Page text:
Bacterial adhesion on the surface of composite resins has been considered an important parameter in the etiology of caries formation around restorations17. However, a highly polished surface of composite is difficult to achieve because of factors such as different amounts of filler particles, the size of particles, and the different hardness between filler particles and organic matrix of the composite20. The objective of placing an esthetic restoration is to reproduce as close as possible the natural appearance of the tooth and it is important to obtain the smoothest surface that will minimize dental biofilm accumulation and stain retention18. In the present study, no significant difference was observed between finished or polished restorations in relation to the presence of white spot lesions. These findings corroborate the results obtained in other studies, where no association was detected between the surface roughness values and the bacterial adhesion17,22.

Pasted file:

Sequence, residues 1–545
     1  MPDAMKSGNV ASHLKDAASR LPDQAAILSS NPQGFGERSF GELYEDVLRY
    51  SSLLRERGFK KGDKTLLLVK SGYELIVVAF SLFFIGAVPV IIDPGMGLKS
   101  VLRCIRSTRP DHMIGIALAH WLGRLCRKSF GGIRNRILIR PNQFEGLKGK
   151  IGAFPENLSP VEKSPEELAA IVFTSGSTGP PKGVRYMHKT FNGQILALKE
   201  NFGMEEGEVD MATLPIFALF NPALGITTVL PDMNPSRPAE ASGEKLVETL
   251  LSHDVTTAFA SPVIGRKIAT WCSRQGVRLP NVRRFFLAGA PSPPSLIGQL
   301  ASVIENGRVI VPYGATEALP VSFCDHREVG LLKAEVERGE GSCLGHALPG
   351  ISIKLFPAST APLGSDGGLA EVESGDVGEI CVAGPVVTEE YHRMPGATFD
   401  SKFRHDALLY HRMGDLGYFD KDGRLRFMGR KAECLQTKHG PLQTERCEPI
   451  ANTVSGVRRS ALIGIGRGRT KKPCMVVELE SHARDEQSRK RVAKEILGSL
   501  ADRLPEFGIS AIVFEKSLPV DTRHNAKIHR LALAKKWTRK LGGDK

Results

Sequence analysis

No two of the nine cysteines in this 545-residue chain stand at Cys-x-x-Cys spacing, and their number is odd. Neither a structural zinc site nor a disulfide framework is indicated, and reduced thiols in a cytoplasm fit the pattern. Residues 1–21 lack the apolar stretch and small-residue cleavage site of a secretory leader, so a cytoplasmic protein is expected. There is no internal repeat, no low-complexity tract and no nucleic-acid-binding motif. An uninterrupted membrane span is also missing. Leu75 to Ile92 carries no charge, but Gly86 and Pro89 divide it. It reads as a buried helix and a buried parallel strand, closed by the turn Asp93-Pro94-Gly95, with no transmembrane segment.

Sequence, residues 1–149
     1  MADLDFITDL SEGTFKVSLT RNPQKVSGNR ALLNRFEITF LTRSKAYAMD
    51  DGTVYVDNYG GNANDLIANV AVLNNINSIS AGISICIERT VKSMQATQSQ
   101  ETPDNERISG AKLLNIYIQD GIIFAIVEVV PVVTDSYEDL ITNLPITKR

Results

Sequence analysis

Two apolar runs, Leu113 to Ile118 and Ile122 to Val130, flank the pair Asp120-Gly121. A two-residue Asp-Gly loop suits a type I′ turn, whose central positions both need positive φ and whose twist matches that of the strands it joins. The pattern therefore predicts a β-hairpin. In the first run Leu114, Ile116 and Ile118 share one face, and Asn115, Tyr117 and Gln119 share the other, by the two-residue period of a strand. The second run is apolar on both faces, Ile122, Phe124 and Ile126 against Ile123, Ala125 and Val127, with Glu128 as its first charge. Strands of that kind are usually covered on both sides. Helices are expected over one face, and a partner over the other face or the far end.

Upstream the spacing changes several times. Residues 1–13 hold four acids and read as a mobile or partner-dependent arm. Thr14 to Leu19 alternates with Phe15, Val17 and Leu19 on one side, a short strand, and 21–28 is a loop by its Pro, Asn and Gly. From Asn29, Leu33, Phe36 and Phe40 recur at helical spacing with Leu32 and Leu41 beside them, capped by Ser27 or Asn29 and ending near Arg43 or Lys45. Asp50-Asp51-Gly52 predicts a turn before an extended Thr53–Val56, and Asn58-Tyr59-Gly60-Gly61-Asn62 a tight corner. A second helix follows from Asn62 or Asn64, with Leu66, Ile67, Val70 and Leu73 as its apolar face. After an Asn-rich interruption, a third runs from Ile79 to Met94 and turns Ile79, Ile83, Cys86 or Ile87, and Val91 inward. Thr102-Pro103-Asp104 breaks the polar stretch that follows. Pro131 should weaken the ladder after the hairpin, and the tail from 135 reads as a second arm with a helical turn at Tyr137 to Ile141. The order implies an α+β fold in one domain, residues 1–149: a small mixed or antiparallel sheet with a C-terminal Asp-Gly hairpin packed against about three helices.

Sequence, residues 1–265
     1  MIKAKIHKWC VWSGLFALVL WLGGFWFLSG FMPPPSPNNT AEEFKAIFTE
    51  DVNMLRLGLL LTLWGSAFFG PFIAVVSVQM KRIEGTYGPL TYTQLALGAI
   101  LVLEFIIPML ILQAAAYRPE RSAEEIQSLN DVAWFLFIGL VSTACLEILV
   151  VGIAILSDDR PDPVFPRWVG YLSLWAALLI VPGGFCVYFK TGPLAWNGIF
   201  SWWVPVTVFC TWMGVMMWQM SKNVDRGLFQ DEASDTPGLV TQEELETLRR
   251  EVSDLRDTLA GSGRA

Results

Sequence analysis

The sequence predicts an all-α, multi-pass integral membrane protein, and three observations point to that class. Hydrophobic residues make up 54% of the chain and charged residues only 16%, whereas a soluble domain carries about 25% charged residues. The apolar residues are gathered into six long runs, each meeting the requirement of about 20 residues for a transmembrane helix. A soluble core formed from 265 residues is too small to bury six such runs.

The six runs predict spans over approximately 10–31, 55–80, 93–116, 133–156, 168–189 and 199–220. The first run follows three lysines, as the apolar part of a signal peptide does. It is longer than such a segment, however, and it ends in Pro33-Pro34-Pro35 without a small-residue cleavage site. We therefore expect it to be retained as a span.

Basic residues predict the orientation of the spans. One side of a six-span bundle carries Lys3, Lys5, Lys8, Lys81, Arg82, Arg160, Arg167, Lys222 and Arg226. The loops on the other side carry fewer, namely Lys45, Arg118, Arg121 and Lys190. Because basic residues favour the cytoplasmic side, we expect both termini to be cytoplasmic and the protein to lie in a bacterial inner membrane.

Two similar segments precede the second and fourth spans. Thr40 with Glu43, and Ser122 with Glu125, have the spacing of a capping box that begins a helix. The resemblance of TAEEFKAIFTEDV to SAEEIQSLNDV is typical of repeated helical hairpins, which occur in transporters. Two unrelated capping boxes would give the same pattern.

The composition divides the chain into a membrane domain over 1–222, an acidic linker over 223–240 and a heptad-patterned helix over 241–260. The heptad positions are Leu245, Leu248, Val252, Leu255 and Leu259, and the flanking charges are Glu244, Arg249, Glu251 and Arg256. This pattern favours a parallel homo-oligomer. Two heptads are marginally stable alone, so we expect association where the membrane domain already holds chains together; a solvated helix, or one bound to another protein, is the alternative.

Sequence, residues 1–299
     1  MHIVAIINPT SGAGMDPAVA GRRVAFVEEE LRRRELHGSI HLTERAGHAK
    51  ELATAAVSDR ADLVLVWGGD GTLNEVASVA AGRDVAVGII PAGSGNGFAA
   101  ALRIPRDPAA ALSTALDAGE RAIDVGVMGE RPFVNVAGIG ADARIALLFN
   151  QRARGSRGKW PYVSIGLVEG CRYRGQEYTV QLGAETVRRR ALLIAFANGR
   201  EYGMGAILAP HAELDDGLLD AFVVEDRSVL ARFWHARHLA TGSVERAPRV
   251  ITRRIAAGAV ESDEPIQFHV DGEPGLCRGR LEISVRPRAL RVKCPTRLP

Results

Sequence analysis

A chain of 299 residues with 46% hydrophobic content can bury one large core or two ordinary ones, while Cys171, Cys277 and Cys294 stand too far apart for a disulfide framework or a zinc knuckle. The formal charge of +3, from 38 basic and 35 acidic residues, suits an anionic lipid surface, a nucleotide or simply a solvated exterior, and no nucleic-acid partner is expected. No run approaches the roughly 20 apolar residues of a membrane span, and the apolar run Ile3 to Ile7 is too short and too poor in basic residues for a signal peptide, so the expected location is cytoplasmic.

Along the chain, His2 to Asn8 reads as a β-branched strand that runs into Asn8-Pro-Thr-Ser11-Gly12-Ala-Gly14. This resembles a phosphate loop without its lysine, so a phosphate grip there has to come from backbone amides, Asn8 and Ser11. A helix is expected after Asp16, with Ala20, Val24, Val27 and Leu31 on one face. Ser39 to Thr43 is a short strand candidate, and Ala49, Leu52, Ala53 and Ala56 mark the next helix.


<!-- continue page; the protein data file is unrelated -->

It is important to emphasize that extremely severe conditions were tested in this study: total accumulation of dental biofilm (under the plastic mesh), without any mechanical disturbance; and biofilm control (brushing 3 times/day). Biofilm control showed a statistically significant correlation with white spot lesion formation.